Raymond Cheruiyot considers himself a successful entrepreneur nine years after resigning from his job to run own business. But the proprietor of Accounts and Financial East Africa Limited says he had a baptism of fire along the way.
He was passionate about setting up and tried partnerships that did not work. Mr Cheruiyot opted for debt to register a company, egged on by the picture of success, therefore ignoring possible risks, storms, and stories of gloom and doom.
But the storm came sooner rather than later. The result of which was frustration and a debt that was building fast; he almost ended up in jail. “I was 28 when I resigned as a software technologist having studied for Bachelor of Science degree from Jomo Kenyatta University of Agriculture and Technology (JKUAT) where I graduated in 2003,’’ Mr Cheruiyot says.
He used his savings to buy a laptop “and was sure one computer, one man attitude and one million dollar ideas could unlock my success”. “I have always wanted to venture into self-employment through technology business but I was not aware that there is a big difference between reality and wishful thinking,’’ he said.
In a small office at Railway Station in Nairobi, he established and paid a rent of Ksh22,000, which was the balance of his savings. “The office was meant to give me a corporate touch as I did freelance consultancy jobs waiting to register my business. The opportunities were not forthcoming and I had to seek Ksh15,000 from a friend as a soft loan to register the company.’’
This did not work, as the banks asked for a guarantor for a loan, he had none and was forced to ask for a private consultancy position from former employer. “A friend who lent me Ksh15,000 to register my firm saw me as a joker who had quit a job where I was earning Ksh55,000. I convinced myself that I had to breathe again,’’ explained Mr Cheruiyoit, hardly audible.
He got another chance to work for former employer for six months, during which time he marketed himself as a professional software expert. The biggest challenge was getting business as a start-up, he said, adding that former employer had informed his clients he had left, “making it a bit hard getting business on my own.’’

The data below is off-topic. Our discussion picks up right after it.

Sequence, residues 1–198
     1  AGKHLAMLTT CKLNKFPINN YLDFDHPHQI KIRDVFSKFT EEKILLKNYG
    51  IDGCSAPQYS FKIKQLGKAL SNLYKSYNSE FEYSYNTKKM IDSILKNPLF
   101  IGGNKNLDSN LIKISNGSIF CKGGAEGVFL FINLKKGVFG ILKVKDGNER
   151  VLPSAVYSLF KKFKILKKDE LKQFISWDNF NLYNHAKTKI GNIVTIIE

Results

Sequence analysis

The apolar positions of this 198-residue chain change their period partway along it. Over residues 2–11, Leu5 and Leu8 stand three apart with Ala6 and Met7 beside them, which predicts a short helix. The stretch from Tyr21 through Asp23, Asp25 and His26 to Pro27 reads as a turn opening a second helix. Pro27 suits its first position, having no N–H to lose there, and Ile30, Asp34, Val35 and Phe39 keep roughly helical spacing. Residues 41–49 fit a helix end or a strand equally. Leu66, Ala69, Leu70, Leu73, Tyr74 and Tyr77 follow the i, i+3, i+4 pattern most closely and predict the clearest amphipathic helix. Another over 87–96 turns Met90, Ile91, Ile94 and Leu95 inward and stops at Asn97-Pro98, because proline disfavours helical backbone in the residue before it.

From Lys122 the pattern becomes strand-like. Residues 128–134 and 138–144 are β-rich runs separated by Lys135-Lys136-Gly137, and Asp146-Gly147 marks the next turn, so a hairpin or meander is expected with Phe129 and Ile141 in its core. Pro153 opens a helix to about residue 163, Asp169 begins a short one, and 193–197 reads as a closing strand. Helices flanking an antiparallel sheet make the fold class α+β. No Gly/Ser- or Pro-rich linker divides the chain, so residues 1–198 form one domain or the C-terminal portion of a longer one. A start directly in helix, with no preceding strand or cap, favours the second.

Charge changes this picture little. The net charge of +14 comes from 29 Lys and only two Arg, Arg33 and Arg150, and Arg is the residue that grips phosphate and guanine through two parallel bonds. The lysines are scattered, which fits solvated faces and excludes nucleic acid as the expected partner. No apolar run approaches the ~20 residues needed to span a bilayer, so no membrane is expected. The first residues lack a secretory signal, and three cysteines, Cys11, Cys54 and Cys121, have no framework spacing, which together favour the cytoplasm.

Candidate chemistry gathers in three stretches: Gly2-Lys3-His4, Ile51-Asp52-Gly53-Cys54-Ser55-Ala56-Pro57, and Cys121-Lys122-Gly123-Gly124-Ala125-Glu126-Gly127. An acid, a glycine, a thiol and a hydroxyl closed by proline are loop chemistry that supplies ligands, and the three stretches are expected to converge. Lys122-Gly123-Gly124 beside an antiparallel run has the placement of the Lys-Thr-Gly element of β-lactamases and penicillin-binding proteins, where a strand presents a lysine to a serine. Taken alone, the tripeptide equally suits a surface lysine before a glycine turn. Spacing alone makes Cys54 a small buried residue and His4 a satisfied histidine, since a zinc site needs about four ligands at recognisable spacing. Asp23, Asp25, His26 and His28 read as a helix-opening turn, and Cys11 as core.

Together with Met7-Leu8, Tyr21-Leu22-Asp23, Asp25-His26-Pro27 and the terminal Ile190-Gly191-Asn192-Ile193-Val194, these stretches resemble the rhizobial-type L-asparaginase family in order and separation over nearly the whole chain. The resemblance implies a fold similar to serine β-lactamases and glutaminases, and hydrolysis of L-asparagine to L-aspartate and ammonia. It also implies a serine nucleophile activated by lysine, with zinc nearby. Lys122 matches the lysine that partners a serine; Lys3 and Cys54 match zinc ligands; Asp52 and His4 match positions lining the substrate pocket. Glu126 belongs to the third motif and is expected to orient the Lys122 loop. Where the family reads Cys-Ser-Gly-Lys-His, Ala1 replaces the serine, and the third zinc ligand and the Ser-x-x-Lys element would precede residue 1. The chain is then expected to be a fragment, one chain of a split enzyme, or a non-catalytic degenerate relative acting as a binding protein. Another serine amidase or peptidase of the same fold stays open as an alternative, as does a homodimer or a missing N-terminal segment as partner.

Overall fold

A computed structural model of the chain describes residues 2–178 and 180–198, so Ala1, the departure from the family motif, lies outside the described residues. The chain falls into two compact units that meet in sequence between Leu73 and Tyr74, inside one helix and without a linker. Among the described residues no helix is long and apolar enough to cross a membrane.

Then, one day, one of the clients called and offered an opportunity to compile reports. He would earn Ksh20,000 while freelance jobs raised his income to Ksh80,000 monthly. This enabled him to set up a website.
A deal that looked very good almost killed the business. A multinational company was looking for a supplier to install a software but his company did not make the short-list due to limited experience. “But the ambition was bigger,’’ he said, adding that he sought to work in partnership with a big firm in the deal for a commission. He never got paid Sh1.5 million for the work in a web of debt. “I became the sacrificial lamb and all my earnings were used to settle the arrears,’’ he said.
But he used the difficult times to scale the heights of entrepreneurship. His “turning point” came when Sage International appointed him as their authorised partner in Kenya in 2009.
Today, he makes more than Sh10 million per month, or Sh120 million per year. Some of his clients have included EABL, AAR, Catholic University, Kenya Plant Health Inspectorate Services (Kephis), Express Kenya, and Crowne Plaza. “We advise customers on business process management where we identify the needs and implement.’’ For a lesson, he says that “I have learnt to appreciate passion, the drive, and patience.’’
His firm has satellite presence in Uganda, Tanzania and Rwanda and is now targeting South Sudan early next year. He employs over 20 people and runs a foundation that pays school fees for needy children in his rural home.
“My upbringing was humbling and I pay the school fees for the poor children from secondary to university. We have seven beneficiaries of the fees programme.’’ Mr Cheruiyot says he works smart and believes in quality and credibility. (Source: BiznaKenya)